Many scholars view this chapter as being apologetical in nature. For example, Collins writes: “The enthronement of a new king was often the occasion of a bloodbath in the ancient world, and indeed also in much later times. Solomon acts ruthlessly to eliminate anyone who might be considered a threat. Adonijah, the general Joab who had supported him, and Shimei, who had cursed David, all meet sudden death. The narrative provides an apology for Solomon’s actions by trying to forestall criticism. Solomon, we are told, became king because that was the will of David (although the king was evidently old and infirm). Moreover, David had specifically advised him to eliminate Joab and Shimei… Joab, we are told, deserved to die because of the way he had killed other generals, but he had suffered no consequences for these actions while he was of service to David. Adonijah would have been spared if he had refrained from further agitation, by asking for David’s concubine in marriage. Even Shimei would have been spared if he had abided by the terms offered him by Solomon. Nonetheless, the ruthlessness of Solomon’s actions comes through loud and clear. He takes both Adonijah and Joab from the altars where they had sought refuge. He promises Bathsheba that he will grant her request for Adonijah, but reverses himself when he hears what she asks.” (246-247)

When Joab fears death he flees to the altar: “When the news reached Joab, he fled to the Tent of the LORD and grasped the horns of the altar — for Joab had sided with Adonijah, though he had not sided with Absalom.” (v. 28) Although the altar is not used for sacrifices in this chapter, it is important to describe the function of the horns nevertheless. Milgrom writes: “The function of the altar horns is unknown. Because the name for the altar, mizbeah, literally means ‘the place of slaughter,’ it is likely that originally sacrificial animals were slaughtered on the altar itself, a supposition that is supported by the ancient stories of the binding of Isaac (Gen 22) and the field altar erected by King Saul (1 Sam 14:34). If this be the case, then the altar’s horns might have served as pegs to which the animal could be bound, and which would serve to explain the otherwise enigmatic verse: ‘Bind the festal offering to the horns of the altar with cords’ (Ps 118:27; cf. W. R. Smith 1927: 341 n. 2). Unfortunately, this attractive suggestion becomes snagged on the horns of the incense altar, attested in many Bronze Age finds… whose surface is too small to hold the tiniest sacrificial animal.” (249)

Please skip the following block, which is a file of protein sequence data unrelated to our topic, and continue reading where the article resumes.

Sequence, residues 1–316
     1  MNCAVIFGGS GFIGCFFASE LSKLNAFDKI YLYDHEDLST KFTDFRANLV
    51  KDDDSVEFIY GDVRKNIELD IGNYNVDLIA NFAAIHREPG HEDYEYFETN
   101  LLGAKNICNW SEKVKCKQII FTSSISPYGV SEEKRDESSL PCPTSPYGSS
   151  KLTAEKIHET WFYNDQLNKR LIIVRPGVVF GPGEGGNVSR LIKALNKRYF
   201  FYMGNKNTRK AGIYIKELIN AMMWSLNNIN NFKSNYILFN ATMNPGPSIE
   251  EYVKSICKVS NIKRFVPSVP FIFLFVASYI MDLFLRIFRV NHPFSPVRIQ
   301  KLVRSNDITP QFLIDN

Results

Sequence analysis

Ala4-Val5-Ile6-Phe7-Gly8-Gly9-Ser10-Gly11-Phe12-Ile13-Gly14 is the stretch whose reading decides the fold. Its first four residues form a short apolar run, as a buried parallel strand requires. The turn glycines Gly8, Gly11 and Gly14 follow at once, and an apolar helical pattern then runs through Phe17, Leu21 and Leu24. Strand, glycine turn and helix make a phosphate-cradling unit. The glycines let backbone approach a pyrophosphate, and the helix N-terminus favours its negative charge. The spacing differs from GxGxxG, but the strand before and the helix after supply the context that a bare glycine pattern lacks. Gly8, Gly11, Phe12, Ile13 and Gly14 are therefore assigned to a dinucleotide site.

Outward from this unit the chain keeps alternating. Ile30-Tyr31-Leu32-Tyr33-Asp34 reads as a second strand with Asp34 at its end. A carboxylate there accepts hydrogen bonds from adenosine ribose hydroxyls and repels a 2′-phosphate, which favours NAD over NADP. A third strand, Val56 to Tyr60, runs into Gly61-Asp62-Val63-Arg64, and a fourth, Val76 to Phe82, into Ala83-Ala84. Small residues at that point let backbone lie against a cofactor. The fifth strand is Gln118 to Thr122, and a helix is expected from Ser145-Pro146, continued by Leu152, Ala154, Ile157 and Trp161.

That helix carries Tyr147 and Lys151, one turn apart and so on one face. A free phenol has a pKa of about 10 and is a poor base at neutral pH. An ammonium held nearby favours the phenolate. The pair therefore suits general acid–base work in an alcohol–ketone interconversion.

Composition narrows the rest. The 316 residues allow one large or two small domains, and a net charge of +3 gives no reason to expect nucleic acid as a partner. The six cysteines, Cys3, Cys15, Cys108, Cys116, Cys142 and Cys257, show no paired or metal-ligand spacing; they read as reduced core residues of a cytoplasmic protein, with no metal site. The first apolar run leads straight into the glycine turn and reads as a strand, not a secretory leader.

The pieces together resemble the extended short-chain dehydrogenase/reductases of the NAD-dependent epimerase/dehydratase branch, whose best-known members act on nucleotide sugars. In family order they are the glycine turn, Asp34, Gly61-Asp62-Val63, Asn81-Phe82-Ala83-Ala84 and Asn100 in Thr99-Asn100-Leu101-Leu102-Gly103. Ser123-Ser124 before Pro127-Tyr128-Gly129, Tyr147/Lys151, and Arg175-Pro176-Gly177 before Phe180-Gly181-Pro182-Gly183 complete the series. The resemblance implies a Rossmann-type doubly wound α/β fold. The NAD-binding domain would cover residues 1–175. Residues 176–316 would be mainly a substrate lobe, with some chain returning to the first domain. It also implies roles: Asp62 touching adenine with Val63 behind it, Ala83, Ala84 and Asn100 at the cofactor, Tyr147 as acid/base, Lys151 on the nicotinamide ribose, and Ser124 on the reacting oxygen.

Milgrom suggests that the horns are a synecdoche of the entire altar, much like the extremities of the metzorah and the doorpost of the home. He writes: “The daubing of the horn of the sacrificial altar with the blood of purification offering implies that the entire altar is being purged, on the principle of pars pro toto (see at v 7). The choice of the horns to represent the altar is not arbitrary. The significance of this choice can be deduced through a series of analogies with other uses of sacrificial blood, such as the purification rite of a healed mesora ([Lev] 14:14-17, 25-28), the consecratory rite of new priests ([Lev] 8:23-24; Exod 29:20) and of the new altar (8:11; Exod 29:21), and the smearing of the lintel and doorposts with the blood of the paschal sacrifice (Exod 12:7, 22). The things that receive blood are extremities, the very points of an object, which a hostile force would strike first in attacking it.” (Jacob Milgrom, “Leviticus 1-16” Anchor Bible; New York: Doubleday, 1991)

VI. Works Used
(see “Commentaries” page)
Cogan, Mordechai. “1 Kings” Anchor Bible vol. 10 (New York: Doubleday, 2000).
Collins, John J. “Introduction to the Hebrew Bible,” (Minneapolis: Fortress Press, 2004).
De Vries, Simon John. “1 Kings” Word Biblical Commentary vol. 12 (Waco, Texas: Wordbooks, 1985).
Longe, Burke O. “1 Kings with an Introduction to Historical Literature” Forms of Old Testament Literature vol. 9 (Grand Rapids, Michigan: Eerdmans, 1984).
Milgrom, Jacob. “Leviticus 1-16” Anchor Bible vol. 3 (New York: Doubleday, 1991).